Education Legitimates Income Inequality: Normative Beliefs in Early Post-Communist and Market-oriented Nations
M.D.R. Evans 1  
,   Jonathan Kelley 2  
 
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1
University of Nevada
2
International Survey Center
Publication date: 2017-12-30
 
Polish Sociological Review 2017;200(4):441–463
 
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ABSTRACT
Using data from large, representative national samples in in Poland, Hungary, Bulgaria, Australia, Finland, and the Netherlands, we examine moral norms about just rewards for education. Comparing these norms in East Central Europe shortly after Communism—where the dominant ideology was egalitarian, schooling free, rewards to education modest, and alternative investments absent—and in market-oriented societies where the opposite held, provides insight into the influence of institutional arrangements on moral norms. We find that the publics in all these countries favor large rewards for education (which legitimates substantial income inequality), showing that these moral norms are resilient to institutional arrangements. These results align with Aristotle’s claim that people believe job performance merits reward because it makes valuable contributions. They undermine alternative theories: credentialism, radical egalitarianism, and the hegemonic power of dominant political elites. These results also undermine economists’ human capital arguments insofar as they are seen as a moral justification for income inequality.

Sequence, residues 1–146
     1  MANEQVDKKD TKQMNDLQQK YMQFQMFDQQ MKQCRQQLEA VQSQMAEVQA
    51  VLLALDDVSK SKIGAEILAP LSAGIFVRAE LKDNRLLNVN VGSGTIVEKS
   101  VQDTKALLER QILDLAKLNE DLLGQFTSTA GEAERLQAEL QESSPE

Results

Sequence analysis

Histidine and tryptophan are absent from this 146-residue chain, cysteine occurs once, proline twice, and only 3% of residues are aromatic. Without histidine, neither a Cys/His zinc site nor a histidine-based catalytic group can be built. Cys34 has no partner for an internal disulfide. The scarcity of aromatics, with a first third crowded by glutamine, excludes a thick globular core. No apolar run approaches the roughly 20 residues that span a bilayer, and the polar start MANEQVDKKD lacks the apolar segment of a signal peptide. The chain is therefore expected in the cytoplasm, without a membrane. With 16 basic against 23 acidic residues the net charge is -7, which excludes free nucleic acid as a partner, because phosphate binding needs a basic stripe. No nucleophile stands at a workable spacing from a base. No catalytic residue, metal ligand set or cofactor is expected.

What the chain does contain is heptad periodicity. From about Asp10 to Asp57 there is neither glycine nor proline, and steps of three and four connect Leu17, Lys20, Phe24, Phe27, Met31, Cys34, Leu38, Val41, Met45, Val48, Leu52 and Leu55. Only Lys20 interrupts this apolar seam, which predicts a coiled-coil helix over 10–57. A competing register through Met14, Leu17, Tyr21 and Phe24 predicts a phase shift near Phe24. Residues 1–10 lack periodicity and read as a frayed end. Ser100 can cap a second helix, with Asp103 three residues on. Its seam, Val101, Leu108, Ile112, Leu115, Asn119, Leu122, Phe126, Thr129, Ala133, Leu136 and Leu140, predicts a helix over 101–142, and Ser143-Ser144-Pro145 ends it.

ACKNOWLEDGEMENTS
We thank Guillermina Jasso, Kazimierz M. Słomczynski, Krzysztof Zagórski, and several anonymous reviewers for comments and Claire Kelley for statistical assistance. Earlier versions of portions of this paper were given to seminars at the American Sociological Association; the Australian National University, the University of California, Berkeley; Cornell University; the Johns Hopkins University; the University of Melbourne; the University of Nevada; the Ohio State University, Research Committee 28 of the International Sociological Association; the International Social Survey Programme, and the World Congress of Sociology.
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ISSN:1231-1413